As the world witnessed and weathered recent events including the COVID-19 pandemic, natural disasters, civil unrest and a heavy focus on social issues, retailers and consumers alike have developed a deeper understanding of the relationship between business, humans and the planet we all share. That awareness has prompted a shift toward more mindful buying, with 68% of consumers saying they plan to increase their efforts to identify brands that reduce environmental impact and 74% of Millennials reporting they’re more conscious of spending their money to support more Black-owned businesses and creators.
For their part, retailers are also keen to be good members of both local and global communities. The result is an intentional move toward ethical commerce — which benefits both consumers and businesses — to create measurable and material change for the environment and society.
What is Ethical Commerce?
A range of terms have been attached to the concept of ethical commerce throughout its evolution, but two components are at its heart: environmental issues and social issues.
Environmental issues include concepts such as sustainability and the health of the planet, which in turn ties in with the health of humans. These concerns have long been of interest to consumers and retailers, although the areas of focus have shifted and matured over the years. Retailer leaders today look toward reducing their carbon footprint, sourcing environmentally friendly materials and reducing waste through adaptions in production, packaging and transportation as places where they can affect positive change.
Discussions around social issues have gained greater attention through the years, with high-profile Black Lives Matter (BLM) protests and anti-Asian hate crimes in 2020 generating further interest. The subject of human rights, an ongoing area of focus for retailers and their suppliers, has become more explicit in narrowing the issues that can address them. The first, explicit bias, centers largely around treating workers fairly. The other is implicit bias, in which attitudes and business practices are evolving to reduce racial, gender and social inequities.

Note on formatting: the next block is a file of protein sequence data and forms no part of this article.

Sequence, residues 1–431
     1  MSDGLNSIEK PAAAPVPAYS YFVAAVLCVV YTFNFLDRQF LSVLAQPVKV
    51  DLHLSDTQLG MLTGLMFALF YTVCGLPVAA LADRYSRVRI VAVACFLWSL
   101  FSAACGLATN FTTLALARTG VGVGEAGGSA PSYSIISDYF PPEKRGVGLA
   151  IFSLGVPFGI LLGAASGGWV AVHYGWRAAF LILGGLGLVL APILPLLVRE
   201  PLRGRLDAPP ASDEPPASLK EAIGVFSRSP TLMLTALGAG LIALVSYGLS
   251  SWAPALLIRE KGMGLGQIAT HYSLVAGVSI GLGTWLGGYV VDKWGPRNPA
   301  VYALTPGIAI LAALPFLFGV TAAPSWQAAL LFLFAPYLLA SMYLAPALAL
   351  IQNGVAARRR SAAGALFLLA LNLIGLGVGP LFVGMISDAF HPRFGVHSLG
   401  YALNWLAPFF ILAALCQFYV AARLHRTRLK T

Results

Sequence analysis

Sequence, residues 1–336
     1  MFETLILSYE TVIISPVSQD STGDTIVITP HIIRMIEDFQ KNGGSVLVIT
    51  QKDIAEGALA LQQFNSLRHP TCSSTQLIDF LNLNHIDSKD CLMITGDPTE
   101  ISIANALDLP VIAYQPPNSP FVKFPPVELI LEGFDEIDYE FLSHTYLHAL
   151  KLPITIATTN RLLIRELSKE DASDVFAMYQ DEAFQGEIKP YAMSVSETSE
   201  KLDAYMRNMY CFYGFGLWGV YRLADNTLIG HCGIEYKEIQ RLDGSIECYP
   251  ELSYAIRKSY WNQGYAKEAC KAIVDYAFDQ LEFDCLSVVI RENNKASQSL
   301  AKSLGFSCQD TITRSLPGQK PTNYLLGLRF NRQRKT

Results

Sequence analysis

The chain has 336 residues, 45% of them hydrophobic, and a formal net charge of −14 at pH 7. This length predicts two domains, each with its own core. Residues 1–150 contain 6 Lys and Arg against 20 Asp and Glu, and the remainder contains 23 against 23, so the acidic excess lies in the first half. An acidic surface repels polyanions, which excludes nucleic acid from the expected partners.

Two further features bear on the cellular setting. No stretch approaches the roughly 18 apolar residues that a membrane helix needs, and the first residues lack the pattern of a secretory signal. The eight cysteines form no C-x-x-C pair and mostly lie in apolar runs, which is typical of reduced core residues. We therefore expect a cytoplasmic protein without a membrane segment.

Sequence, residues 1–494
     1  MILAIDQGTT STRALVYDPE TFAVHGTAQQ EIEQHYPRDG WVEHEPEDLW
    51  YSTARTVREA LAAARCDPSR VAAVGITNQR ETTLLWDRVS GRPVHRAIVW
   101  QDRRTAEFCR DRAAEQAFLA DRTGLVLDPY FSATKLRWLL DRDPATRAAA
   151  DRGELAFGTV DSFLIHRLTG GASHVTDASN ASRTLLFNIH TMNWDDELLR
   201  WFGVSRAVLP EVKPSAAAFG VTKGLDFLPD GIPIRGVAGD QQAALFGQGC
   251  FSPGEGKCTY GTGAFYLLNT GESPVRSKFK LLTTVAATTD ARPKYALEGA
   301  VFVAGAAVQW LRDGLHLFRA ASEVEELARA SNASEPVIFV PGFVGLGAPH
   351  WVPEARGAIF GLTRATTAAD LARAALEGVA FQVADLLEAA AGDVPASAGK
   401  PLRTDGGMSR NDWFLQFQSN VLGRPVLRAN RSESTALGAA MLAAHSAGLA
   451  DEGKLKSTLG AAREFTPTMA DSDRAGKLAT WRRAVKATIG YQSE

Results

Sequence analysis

The Business Case for Ethical Commerce
The pandemic highlighted a wide swath of environmental and social issues woven throughout the retail sphere. The BLM movement prompted consumers to evaluate how they could buy from more Black-owned businesses, for example. As a result, consumers are developing a greater interest in how brands are connecting authentically with traditionally marginalized groups through collaborations, advertising and other initiatives. Shoppers are showing a stronger commitment than ever before to vote with their wallets as they determine the causes most important to them, and to patronize retailers that consciously nurture inclusivity and a positive environmental strategy.
61% of consumers report making more sustainable, environmentally friendly or ethical purchases, and 89% say they’re likely to continue doing so post-pandemic.Source: Accenture, COVID-19: New Habits Are Here to Stay For Retail Consumers, Aug. 2020
Today’s shoppers have higher expectations of retailers and CPG brands as it relates to ethical commerce. Many are mindful of the environmental impact of fashion, , choosing to shop brands that source more sustainable materials and offer recycling and upcycling programs. Some consumers focus on supporting brands that align with their own values for the food chain, including sustainable crop production, reduction of chemicals, and fair practices for livestock and fishing. And other consumers seek out brands that support fair and safe labor practices in farming, factories and other industrial environments.
Easy access to up-to-the-minute information through both traditional and social media has boosted consumers’ awareness of ethical commerce issues, highlighting the organizations that lead and those that lag. Increased use of technology to collect and analyze data related to ethical commerce issues is also driving a growing number of business and influencing buying decisions for retailers, suppliers and shoppers alike.